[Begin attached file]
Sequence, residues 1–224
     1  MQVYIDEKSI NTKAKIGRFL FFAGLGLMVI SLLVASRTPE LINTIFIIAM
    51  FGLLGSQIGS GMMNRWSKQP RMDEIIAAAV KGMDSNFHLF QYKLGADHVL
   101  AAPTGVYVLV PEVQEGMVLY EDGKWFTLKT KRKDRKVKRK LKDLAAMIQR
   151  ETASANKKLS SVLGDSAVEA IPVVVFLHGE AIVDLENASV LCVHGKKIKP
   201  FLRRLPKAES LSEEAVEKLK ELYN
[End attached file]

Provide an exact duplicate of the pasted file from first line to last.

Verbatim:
Sequence, residues 1–224
     1  MQVYIDEKSI NTKAKIGRFL FFAGLGLMVI SLLVASRTPE LINTIFIIAM
    51  FGLLGSQIGS GMMNRWSKQP RMDEIIAAAV KGMDSNFHLF QYKLGADHVL
   101  AAPTGVYVLV PEVQEGMVLY EDGKWFTLKT KRKDRKVKRK LKDLAAMIQR
   151  ETASANKKLS SVLGDSAVEA IPVVVFLHGE AIVDLENASV LCVHGKKIKP
   201  FLRRLPKAES LSEEAVEKLK ELYN